951 PM CST Tue Jan 28 2020 .UPDATE... Issued at 948 PM CST Tue Jan 28 2020 Updated the dense fog advisory to begin earlier tonight as we have sites that have hit 1/2SM to 3/4SM already, with this occurring more often and decreasing with time. Opted not to expand the advisory east as GLAMP trending not as foggy in our east and SREF and HRRR indicate that we will not fog up as much there as well. With cloudy conditions, I went closer to CONSRAW and raised our low temperatures to the upper 20s for Wednesday morning. && .SHORT TERM...(This evening through Wednesday) Issued at 155 PM CST Tue Jan 28 2020 Aloft: Progressive fairly low-amplitude flow conts over the CONUS per aircraft wind obs and RAP tropopause analyses. They depicted a narrow shrtwv trof from SA all the way down to TX. A shrtwv ridge was over the Rckys...with the next trof along the W coast. The trof currently over the Plns will cont moving E and cross the CWA this eve. The Rckys ridge will diminish in amplitude and move thru tomorrow. The trof along the W coast will be discussed below. Surface: 1026 mb high pres was over ON and extended down to IA. A sfc trof coincided with the mid-upr lvl trof. This trof will cross the CWA this eve as well and then dissipate tomorrow. The ON high will strengthen a bit and slide into QB...but still extend SW to IA. The pres grad over NEB/KS will be very weak thru tomorrow. Rest of this afternoon: Patchy -SN has been falling with VSBYs mostly between 1 and 3 miles. The back edge of this snow will gradually progress E...bringing the snow to an end W of Hwy 183. The leading edge of the snow will also progress E with -SN moving into the Hwy 81 corridor. The snow is light and melting on contact with roads. With temps hovering right around frzg...there will be little or no accum. Skies are sunny immediately W of the upr trof. Clds will begin breaking up W of Hwy 183. Tonight: Patchy -SN will linger into the eve along and E of Hwy 281. Again...with little or no accum. Believe we will have a fog problem on our hands tonight. Low stratus will not be scoured out of the entire CWA. This low cld cover and the precip has kept dwpt depressions very small today. Winds will be very light or even calm tonight. As temps begin falling after sunset...this is a recipe for stratus CIGs to descend (where stratus remains) or dense fog to form where clds temporarily decrease. Have issued a Dense Fog Advisory for the W 2/3 of the CWA (along and W of Hwy 281). It may take some time for CIGs to lower...but believe this will need to be expanded to encompass the entire CWA. We`ll let the next couple shifts monitor the trends. Regardless... have strongly worded the fcst to indicate this potential. Kept fcst lows on the higher side of the guidance envelope...but did not go as high as I desired to remain in collaboration thresholds with neighboring offices. Wed: Foggy thru late morning...and while we will see gradual improvement could linger well into the day from the Tri-Cities N and E. Most the CWA will remain cldy...but the stratus and fog should erode from the edges. Since it will be sunny over Wrn NEB/KS...that means the best chance for sunshine developing will be S and W of the Tri-Cities. The clds will keep temps from warming much where there is no sunshine. Wrn and Srn counties should at least get to 40F and possibly into the low 40s. .LONG TERM...(Wednesday night through Tuesday) Issued at 155 PM CST Tue Jan 28 2020 Aloft: The flow will become a bit more amplified thru early next wk...but still remain progressive. The trof currently along the W coast will split and the Nrn piece will cross NEB/KS Thu. The passage of this trof will shift the flow to NW Fri. Significant heights will occur heading into the wknd as a broad ridge builds over the Wrn USA but conts moving E. NW winds over NEB/KS will become W Sun as the ridge crests overhead. Winds will then become SW Mon as the next fairly substantial Pac trof moves onshore and approaches the rgn. This trof is fcst to cross the Plns Tue with a positive tilt. The last 2 runs of global mdls (GFS-FV3/EC/CMC/UKMET) are generally in good agreement/tightly clustered. That said...there are a couple runs that indicate the possibility of a closed low at the base of the trof over KS Mon or Tue. That potential will need to be monitored. Surface: A sfc trof will move thru Thu in concert with its upr- lvl reflection. Another sfc trof will slide thru Fri associated with low pres heading E thru Srn Canada. Deep low pres will move into SW Canada Sat and this will induce warm frontogenesis down the entire lee of the Rckys...and downslope winds strengthen in its warm sector. The strength of this low will increase temp extremes both ahead of and behind it. The warm front will cross the CWA Sat and we`ll remain in the warm sector Sun as the low heads E thru Canada. The trailing cold front will slam thru here Sun night or Mon with a surge of much colder air. Chilly high pres over the Wrn USA will then build-in Tue. Temps: We`re going to be stuck with lots of clds over the rgn thru Thu. That will keep the diurnal range of temps suppressed (cooler highs and milder lows). That should change Fri with a big 2-day warm-up in store for Sat-Sun. There will be an unusually warm plume of air developing and spreading over the Plns. 850 mb temps could be as high as +18C. Some guidance says our fcst is not nearly warm enough! As of this fcst we are now advertising highs ranging from 45 near OLU to 60 over the SW fringe of the CWA...with low 50s in the Tri-Cities. Sun there is bigger bust potential. We`re indicating 50s over the NE 1/2 of the CWA and 60s over the SW 1/2. It`s psbl that mid-upr 60s could flood the entire CWA. Even if that doesn`t pan out ...we`re still looking at a very very mild wknd. Tue temps could be locked in the 20s for highs with widespread cloud cvr. Precip: Nothing significant in the offing. The 06Z and 12Z NAM suggest there could be a touch of -SN Thu AM ahead of that shrtwv trof. The 12Z EC lends a little support. The GFS doesn`t develop any QPF until it`s E of the CWA. This minor potential is not currently in the fcst...but it may need to be added if confidence increases. If anything is looking very minor (less than 0.10 QPF) just acrs our NEB counties. The fcst is dry until Mon night and even that`s not looking that good...with very light/minor QPFs. && .AVIATION...(For the 00Z KGRI/KEAR TAFS through 00Z Wednesday) Issued at 558 PM CST Tue Jan 28 2020 Ceilings will be difficult off the bat as there appears to be a hole in the MVFR stratus, but this should fill in and lower over time. I expect visibility to lower quite a bit over time as the stratus descends. Winds will remain light. && .GID WATCHES/WARNINGS/ADVISORIES... NE...Dense Fog Advisory until 10 AM CST Wednesday for NEZ039-040-046- 047-060>062-072>075-082>085. KS...Dense Fog Advisory until 10 AM CST Wednesday for KSZ005-006-017- 018. && $$ UPDATE...Heinlein SHORT TERM...Kelley LONG TERM...Kelley AVIATION...Heinlein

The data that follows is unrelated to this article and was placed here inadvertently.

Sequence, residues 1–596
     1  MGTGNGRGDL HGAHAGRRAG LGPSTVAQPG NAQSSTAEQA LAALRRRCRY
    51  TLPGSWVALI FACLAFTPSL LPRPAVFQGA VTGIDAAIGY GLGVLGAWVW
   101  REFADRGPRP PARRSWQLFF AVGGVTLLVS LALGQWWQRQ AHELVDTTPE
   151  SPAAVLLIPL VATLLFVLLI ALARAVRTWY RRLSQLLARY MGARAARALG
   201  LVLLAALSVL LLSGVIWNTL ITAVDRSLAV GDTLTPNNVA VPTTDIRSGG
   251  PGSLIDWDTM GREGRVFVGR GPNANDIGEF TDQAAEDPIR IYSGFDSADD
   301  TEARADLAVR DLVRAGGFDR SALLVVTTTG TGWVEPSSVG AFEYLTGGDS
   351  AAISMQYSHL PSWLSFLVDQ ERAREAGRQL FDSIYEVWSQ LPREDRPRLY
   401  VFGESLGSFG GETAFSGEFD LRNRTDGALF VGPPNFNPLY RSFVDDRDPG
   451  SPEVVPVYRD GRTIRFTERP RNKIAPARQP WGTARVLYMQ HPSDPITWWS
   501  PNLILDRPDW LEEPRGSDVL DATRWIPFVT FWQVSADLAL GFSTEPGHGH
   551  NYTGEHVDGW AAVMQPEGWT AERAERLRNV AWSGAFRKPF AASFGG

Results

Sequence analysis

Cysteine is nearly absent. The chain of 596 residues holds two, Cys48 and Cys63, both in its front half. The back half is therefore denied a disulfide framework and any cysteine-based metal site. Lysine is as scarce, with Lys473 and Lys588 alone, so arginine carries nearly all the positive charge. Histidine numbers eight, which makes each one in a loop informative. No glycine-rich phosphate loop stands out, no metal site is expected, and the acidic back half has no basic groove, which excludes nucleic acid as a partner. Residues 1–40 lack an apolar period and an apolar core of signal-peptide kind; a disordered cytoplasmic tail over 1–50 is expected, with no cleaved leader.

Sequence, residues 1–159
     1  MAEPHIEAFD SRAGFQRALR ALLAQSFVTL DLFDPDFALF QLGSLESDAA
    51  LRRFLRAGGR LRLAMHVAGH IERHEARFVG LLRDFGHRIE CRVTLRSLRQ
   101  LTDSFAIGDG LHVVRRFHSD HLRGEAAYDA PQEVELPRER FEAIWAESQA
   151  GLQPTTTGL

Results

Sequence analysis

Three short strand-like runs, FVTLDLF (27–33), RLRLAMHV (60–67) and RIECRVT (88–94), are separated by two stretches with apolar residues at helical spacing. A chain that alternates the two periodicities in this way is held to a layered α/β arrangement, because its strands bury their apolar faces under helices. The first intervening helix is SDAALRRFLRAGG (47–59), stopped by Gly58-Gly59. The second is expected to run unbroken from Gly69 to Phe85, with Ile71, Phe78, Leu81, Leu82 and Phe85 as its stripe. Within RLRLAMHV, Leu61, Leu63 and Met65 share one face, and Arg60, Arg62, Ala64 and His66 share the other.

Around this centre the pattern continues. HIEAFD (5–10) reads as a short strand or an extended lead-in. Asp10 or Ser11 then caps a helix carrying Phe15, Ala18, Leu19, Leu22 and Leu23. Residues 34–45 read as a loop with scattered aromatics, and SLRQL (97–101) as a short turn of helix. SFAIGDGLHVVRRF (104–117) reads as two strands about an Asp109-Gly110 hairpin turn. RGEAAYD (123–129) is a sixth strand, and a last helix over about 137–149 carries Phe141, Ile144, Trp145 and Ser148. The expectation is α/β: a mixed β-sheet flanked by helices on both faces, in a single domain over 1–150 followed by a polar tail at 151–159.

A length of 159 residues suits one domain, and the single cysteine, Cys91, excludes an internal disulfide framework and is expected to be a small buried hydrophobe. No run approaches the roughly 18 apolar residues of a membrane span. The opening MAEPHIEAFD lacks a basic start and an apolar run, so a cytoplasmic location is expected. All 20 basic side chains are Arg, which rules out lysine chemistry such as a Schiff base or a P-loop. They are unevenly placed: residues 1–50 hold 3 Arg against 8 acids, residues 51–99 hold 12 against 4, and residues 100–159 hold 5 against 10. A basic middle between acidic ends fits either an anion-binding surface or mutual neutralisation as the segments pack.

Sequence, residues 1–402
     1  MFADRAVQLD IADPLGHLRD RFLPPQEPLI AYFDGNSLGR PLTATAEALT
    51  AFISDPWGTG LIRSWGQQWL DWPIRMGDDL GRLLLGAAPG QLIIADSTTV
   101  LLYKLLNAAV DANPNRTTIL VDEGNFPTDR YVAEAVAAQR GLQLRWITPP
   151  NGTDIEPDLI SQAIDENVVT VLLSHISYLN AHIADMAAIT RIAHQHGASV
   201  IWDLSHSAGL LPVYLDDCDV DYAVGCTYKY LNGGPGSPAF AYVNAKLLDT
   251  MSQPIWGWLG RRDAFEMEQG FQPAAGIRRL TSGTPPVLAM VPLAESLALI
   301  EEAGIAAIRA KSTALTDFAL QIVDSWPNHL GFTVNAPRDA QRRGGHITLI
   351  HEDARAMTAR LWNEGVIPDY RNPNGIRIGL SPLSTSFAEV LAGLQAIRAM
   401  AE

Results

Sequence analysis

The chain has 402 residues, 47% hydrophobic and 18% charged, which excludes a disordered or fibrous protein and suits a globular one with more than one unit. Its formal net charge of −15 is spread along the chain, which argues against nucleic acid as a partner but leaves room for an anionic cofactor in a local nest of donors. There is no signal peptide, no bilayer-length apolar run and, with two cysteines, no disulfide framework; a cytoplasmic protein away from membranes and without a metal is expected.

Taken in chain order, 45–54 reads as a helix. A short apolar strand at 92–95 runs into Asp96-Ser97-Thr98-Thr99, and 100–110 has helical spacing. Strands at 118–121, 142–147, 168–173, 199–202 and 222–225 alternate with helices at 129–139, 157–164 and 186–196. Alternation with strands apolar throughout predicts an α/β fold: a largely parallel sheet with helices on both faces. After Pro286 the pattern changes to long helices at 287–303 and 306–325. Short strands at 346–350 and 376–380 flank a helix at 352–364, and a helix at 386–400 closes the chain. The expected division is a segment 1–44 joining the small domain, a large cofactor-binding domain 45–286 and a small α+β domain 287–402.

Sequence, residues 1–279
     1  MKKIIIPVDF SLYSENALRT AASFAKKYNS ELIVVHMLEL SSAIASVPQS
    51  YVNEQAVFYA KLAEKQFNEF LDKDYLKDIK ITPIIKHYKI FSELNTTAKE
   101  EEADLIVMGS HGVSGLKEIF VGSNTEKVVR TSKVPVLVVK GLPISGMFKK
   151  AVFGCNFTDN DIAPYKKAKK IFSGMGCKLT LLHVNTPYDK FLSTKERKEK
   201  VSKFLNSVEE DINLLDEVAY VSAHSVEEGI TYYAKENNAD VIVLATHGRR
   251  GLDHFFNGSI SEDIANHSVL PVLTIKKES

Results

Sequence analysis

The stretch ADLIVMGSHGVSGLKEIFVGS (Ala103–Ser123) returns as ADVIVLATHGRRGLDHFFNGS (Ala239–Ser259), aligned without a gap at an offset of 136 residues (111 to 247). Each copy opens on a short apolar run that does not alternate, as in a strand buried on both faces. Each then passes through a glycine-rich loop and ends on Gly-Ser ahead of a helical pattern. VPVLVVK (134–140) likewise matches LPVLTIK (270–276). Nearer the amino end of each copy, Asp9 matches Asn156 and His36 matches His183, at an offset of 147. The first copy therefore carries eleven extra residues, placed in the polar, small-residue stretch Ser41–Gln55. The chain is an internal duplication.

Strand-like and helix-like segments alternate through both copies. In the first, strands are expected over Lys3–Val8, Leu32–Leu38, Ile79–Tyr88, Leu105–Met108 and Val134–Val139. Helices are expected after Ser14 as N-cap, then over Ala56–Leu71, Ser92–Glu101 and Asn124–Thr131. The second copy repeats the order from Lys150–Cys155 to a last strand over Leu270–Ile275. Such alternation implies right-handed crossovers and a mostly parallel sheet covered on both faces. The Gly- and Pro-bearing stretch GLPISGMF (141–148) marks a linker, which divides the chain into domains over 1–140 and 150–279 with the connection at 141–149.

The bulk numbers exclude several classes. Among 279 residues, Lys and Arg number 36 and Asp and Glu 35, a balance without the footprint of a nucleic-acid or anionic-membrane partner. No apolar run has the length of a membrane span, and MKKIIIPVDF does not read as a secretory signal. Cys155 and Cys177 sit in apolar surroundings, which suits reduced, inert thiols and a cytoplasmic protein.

Area Forecast Discussion...UPDATED